You can only hike in one direction (south to north) along New Zealand’s most popular track, often called the “finest walk in the world.” Clinton River (often muddy) crosses Mackinnon Pass, goes through alpine meadows and passes waterfalls, including NZ’s highest, Sutherland Falls, at about 1,900-feet. Thick forests bookend the track, and lots of kea (mountain parrots) greet trampers. Book at least four months ahead, and don't forget your sandfly repellent.

Difficulty: There are two strenuous climbs during the trek, one with a very steep descent. Prepare yourself for frequent rain and, if you go in the winter, avalanche conditions at Mackinnon Pass.

PLAN YOUR TRIP: Visit Fodor's The Southern Alps and Fiordland Travel Guide

Courtesy Tourism New Zealand
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Tongariro Northern Circuit

Location: Tongariro National Park

Distance: 49 km (30 mi), three to four days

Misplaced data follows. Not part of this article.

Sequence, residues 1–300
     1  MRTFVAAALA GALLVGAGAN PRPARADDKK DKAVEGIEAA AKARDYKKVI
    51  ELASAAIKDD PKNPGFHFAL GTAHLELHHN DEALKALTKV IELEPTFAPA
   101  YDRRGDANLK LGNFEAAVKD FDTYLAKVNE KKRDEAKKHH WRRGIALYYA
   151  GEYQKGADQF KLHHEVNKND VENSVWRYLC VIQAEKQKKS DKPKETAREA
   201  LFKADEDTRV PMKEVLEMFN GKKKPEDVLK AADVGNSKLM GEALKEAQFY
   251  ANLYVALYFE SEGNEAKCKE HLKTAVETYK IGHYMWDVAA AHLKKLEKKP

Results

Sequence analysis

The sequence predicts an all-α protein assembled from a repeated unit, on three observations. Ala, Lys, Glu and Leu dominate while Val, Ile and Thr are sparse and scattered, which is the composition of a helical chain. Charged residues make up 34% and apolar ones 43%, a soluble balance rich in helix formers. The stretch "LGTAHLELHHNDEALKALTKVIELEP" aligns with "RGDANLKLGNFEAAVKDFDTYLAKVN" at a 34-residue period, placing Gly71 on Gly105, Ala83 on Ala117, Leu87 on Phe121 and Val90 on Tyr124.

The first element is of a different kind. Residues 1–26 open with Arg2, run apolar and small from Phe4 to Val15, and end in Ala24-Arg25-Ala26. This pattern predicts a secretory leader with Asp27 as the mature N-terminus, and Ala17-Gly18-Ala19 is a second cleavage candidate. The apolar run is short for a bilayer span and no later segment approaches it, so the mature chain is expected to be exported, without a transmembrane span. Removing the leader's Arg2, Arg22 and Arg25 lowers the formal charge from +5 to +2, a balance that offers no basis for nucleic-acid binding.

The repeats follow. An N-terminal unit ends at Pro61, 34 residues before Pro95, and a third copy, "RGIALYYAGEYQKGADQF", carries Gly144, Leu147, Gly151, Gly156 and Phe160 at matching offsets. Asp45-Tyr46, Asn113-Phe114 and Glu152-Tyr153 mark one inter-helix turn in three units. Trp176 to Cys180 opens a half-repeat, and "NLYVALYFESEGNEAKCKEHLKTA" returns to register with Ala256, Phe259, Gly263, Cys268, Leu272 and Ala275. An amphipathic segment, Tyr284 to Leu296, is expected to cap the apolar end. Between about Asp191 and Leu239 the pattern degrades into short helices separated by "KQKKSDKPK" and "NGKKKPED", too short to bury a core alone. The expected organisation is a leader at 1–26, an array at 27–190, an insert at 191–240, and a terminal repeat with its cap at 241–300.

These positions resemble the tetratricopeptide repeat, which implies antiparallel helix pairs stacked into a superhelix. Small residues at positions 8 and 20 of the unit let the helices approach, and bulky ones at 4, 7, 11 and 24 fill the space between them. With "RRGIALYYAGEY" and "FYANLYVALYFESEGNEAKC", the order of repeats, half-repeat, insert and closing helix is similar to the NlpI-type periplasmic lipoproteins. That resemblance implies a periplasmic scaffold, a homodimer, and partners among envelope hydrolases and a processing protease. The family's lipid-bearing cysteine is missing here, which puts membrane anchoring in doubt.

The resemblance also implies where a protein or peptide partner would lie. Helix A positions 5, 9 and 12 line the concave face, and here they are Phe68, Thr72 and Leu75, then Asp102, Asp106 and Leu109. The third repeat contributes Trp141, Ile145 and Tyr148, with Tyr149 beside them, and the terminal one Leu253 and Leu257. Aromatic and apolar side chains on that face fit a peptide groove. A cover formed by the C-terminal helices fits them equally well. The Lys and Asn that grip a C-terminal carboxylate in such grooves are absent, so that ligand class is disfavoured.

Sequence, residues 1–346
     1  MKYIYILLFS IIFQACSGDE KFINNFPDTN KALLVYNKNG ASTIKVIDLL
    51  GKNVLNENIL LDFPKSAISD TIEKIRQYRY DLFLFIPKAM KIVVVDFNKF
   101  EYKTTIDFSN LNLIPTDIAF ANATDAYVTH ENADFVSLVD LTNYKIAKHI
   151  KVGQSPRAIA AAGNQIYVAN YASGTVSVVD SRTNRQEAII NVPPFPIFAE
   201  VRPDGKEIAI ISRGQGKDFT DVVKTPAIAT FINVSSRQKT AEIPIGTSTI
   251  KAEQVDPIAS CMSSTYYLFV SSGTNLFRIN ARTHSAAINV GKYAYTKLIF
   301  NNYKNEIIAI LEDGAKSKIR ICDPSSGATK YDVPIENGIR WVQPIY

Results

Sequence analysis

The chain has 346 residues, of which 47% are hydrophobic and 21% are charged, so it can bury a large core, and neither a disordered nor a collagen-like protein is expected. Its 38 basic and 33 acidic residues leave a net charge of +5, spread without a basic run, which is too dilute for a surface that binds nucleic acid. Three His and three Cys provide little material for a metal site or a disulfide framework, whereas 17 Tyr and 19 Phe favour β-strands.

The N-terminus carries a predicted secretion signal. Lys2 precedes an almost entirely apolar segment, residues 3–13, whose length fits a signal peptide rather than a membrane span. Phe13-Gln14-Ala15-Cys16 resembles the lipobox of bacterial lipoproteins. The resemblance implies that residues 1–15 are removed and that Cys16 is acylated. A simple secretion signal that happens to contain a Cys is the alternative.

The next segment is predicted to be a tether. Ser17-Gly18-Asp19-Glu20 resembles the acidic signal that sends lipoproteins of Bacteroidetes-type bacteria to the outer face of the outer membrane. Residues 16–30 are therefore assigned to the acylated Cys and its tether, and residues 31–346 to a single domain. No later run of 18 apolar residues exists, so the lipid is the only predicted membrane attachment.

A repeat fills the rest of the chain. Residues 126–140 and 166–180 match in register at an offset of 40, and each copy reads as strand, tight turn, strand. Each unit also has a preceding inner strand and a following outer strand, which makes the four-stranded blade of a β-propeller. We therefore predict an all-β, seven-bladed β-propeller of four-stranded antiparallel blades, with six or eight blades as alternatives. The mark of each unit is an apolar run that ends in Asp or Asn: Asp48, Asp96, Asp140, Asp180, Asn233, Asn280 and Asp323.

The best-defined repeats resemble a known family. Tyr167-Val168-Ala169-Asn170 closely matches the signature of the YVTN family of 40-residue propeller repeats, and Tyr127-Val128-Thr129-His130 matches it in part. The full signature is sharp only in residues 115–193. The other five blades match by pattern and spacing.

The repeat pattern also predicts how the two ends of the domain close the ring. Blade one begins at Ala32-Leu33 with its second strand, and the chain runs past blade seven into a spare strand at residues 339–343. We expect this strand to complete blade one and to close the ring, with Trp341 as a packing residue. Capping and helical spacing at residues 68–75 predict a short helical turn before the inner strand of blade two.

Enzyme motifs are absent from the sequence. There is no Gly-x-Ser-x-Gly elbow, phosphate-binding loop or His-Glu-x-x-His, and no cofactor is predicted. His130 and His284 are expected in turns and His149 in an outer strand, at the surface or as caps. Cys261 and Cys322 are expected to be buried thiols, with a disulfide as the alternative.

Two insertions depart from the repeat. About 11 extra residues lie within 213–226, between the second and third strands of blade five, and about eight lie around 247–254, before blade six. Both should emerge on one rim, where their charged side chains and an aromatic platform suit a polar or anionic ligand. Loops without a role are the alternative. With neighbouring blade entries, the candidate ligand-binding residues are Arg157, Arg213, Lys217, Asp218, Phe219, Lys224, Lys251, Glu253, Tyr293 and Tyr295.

This is one of New Zealand’s best walks, with wonderful alpine and volcanic vistas, warm blue-green lakes, and steam vents, but mountains are often in heavy clouds. You might recognize Mt. Ngauruhoe during your journey—a.k.a Mt. Doom in The Lord of the Rings.

Difficulty: Take good gear, especially for the toughest section, the “Staircase,” and do not attempt the track in rain or snow. Volcano eruptions are possbible, so stay back from steam vents.

PLAN YOUR TRIP: Visit Fodor's East Coast and Volcanic Zone Travel Guide

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Rakiura Track